Many watches have wide range of extras, but so far none of them had the winding efficiency indicator. Thanks to the great scientists from Urwerk, the company best known for their now-iconic satellite system, with spinning hour indicators integrated into a retrograde minutes display, this brand new cool indicator comes on their wristwatch The UR-210 Maltese Falcon. The first ten pieces will be available at the known retailers sometime in October with a price of CHF137,000 (approximately $146,000).
With a total weight of just 302g, although is 3-micron tolerance milled aluminum, the new UR-210 boasts a three-dimensional cage inspired by the beak of the Maltese Falcon. The dial of wristwatch features a traditional power reserve indication (red/white) for the 39 hour power reserve at 1 o’clock, while opposite to it at 11 o’clock is the world-first winding efficiency indicator (red/green) over the last two hours. This entirely new indication calculates the difference between the consumed and generated energy of the mainspring.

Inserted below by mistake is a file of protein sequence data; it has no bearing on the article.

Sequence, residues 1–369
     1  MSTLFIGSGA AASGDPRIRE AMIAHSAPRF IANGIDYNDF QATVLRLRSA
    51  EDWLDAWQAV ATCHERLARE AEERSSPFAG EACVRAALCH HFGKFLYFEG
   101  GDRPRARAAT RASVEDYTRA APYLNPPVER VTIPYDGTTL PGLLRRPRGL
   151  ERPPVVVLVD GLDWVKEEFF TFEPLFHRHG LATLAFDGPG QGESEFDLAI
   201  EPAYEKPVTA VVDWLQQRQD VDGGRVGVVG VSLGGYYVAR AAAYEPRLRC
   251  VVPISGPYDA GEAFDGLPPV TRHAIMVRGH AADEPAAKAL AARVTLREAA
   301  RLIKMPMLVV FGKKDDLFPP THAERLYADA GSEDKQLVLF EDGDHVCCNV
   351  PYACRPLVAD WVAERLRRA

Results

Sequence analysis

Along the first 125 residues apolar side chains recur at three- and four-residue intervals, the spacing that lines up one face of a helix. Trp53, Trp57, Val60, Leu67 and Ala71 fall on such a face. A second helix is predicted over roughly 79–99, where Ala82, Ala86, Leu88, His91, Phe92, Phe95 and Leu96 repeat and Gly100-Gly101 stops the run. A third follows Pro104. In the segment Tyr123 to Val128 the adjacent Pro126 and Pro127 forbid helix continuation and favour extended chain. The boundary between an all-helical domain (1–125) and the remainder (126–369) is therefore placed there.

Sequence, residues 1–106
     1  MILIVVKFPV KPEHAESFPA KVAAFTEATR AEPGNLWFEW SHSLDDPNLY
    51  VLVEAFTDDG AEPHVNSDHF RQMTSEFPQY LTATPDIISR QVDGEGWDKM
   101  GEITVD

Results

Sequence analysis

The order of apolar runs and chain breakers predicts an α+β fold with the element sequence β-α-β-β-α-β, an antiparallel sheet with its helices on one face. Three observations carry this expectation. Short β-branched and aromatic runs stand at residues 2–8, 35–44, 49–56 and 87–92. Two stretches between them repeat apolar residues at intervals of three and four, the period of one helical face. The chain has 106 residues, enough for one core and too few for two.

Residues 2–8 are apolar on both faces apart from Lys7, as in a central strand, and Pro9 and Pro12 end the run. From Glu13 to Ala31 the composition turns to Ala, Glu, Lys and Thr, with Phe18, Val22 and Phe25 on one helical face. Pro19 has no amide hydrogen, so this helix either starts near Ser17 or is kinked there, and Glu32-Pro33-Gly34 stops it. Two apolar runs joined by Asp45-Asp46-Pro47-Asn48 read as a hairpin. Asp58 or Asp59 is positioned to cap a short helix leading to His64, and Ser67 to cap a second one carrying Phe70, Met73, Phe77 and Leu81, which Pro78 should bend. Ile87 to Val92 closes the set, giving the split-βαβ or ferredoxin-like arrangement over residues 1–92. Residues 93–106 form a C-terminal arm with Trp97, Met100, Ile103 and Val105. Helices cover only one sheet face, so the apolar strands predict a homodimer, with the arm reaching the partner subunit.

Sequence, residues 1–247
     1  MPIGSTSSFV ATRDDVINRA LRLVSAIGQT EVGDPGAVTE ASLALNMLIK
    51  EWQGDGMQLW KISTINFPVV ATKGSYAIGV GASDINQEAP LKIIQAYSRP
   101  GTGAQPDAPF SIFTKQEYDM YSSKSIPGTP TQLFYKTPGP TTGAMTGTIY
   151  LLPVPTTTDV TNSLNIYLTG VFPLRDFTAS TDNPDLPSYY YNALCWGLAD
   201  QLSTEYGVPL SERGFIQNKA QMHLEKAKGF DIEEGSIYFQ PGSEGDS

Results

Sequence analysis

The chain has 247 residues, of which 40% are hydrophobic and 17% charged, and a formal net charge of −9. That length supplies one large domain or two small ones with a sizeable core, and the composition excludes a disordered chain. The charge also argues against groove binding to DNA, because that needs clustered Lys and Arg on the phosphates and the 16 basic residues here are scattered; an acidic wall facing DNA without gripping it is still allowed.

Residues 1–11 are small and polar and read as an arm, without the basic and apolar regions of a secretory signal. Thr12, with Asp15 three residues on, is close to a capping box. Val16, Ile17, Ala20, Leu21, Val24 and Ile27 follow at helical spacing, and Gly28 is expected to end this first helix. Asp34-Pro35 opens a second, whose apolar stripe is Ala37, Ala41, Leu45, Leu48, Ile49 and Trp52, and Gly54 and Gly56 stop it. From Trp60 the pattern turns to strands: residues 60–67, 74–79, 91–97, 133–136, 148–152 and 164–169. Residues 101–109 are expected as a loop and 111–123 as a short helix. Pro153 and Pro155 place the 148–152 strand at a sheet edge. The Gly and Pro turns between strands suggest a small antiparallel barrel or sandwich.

For example, if you are lazy, just sit comfortable in your armchair, the indicator will be tending towards the red zone, which means you’re using the stored power without refueling the power reserve. On the contrary, if you are in a racing mood, you are moving energetically, the indicator will point towards the green zone, that means you’re generating power faster than you’re consuming.
On the case back, there is an adjustor that allows you to dial in the efficiency of the rotor. At full efficiency, any movement will charge the reserve, while the reduced position engages an air turbine compressor to slow the rotors movement and thus avoid over-winding and wearing down the mechanism. In addition, the rotor can be fully stopped – thus turning the watch into a manual winder.
Basically, the Urwerk UR-210 Maltese Falcon shows you how much you are in the movement due to your interaction with the watch. Urwerk’s Felix Baumgartner comments:, “This timepiece opens a new chapter in the evolution of our complications. It doesn’t just measure a universal value in a completely original way, but starts a real dialogue between the watch and its wearer.”